Hemoptysis (coughing of blood)


Mouth | General Practice | Hemoptysis (coughing of blood) (Disease)


Description

Hemoptysis represents the coughing up of blood from the respiratory tract. Blood-streaked sputum often is presented in minor URIs or bronchitis. More profuse bleeding may indicate Aspergilus infection, lung abscess, TB, or bronchogenic carcinoma.

Hemoptysis can be harmless such as from irritated bronchial tubes with bronchitis, or be serious such as from cancer of the lung.

Blood-laced mucus from the sinus or nose area can sometimes be misidentified as symptomatic of hemoptysis (such secretions can be a sign of nasal or sinus cancer, but also a sinus infection). Extensive non-respiratory injury can also cause one to cough up blood. Cardiac causes like congestive heart failure and mitral stenosis should be ruled out.

Causes and Risk factors

Hemoptysis occurs when tiny blood vessels that line the lung airways are broken.

Hemoptysis can be caused by a range of disorders:

(1) Infections. These include pneumonia; tuberculosis; aspergillosis; and parasitic diseases, including ascariasis, amebiasis, and paragonimiasis.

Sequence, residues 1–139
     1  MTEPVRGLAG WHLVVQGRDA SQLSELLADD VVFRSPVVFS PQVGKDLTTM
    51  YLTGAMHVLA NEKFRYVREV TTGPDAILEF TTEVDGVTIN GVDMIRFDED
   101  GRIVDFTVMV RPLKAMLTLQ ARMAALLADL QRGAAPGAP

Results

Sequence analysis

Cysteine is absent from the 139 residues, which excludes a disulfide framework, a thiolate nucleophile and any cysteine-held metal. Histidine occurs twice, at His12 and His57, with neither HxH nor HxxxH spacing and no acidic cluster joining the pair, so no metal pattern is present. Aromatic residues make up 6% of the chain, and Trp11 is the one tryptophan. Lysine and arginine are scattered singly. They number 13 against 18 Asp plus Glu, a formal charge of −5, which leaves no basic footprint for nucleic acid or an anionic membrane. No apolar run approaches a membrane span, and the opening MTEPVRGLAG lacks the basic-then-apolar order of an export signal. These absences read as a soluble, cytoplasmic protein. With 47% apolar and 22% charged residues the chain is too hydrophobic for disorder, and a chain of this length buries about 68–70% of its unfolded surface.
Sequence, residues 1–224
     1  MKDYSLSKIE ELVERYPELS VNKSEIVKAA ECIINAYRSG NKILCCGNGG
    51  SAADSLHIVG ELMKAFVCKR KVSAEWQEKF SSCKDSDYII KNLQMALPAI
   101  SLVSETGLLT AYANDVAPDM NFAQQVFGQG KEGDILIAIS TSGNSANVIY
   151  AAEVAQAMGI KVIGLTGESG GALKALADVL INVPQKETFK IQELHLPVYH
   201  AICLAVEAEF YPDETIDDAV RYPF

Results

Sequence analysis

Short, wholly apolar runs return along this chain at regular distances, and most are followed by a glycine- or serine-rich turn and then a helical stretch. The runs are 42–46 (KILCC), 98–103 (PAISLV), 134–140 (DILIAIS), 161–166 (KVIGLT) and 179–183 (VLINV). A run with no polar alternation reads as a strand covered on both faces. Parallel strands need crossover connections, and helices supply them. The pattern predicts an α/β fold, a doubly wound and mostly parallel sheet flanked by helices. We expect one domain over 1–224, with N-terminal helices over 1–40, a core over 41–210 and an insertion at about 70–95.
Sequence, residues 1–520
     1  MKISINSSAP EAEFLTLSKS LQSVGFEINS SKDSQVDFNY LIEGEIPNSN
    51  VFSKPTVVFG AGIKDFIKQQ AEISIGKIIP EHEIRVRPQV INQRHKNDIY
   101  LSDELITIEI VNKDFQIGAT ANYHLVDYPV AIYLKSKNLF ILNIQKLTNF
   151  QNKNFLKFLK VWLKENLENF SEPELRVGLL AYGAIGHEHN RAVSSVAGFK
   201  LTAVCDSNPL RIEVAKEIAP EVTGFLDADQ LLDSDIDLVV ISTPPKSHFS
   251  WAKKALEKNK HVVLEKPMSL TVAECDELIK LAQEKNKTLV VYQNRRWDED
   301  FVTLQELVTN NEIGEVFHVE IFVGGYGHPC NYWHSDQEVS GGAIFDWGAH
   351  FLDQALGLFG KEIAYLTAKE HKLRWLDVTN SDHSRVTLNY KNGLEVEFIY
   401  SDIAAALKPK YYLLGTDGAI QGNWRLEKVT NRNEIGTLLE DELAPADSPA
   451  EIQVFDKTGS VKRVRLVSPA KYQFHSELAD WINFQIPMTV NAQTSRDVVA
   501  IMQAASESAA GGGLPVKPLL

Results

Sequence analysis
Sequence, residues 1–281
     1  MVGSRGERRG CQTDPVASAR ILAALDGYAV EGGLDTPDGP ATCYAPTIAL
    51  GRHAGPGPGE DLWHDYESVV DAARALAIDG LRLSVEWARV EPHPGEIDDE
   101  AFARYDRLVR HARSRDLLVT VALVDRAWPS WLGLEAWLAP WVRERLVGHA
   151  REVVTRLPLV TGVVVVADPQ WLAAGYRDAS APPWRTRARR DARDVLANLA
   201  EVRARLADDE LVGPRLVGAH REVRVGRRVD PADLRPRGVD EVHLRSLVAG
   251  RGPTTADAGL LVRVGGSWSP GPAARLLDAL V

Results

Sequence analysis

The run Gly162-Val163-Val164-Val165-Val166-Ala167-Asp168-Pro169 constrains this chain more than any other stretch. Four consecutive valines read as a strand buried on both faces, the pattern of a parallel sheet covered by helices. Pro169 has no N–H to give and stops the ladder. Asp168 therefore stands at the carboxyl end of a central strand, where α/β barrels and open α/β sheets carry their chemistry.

(2) Drug abuse. Cocaine can cause massive hemoptysis.

(3) Trauma. Chest injuries can cause bleeding into the lungs.

(4) Tumors that erode blood vessel walls.

(5) Vascular disorders, including aneurysms, pulmonary embolism, and malformations of the blood vessels.

(6) Blood clotting disorders.

(7) Bleeding following such surgical procedures as bronchial biopsies and heart catheterizatio

(8) Bronchitis. Its most common cause is long-term smoking.

(9) Foreign object(s) in the airway.

Diagnosis and Treatment

Treatment for hemoptysis depends on the cause and the quantity of blood. Infrequent, mild hemoptysis usually does not require specific, immediate treatment. Massive, or major, hemoptysis is a medical emergency, in massive hemoptysis, steps are usually taken to localize the source of the bleeding, control the bleeding, and assure that the patient is able to breathe. ...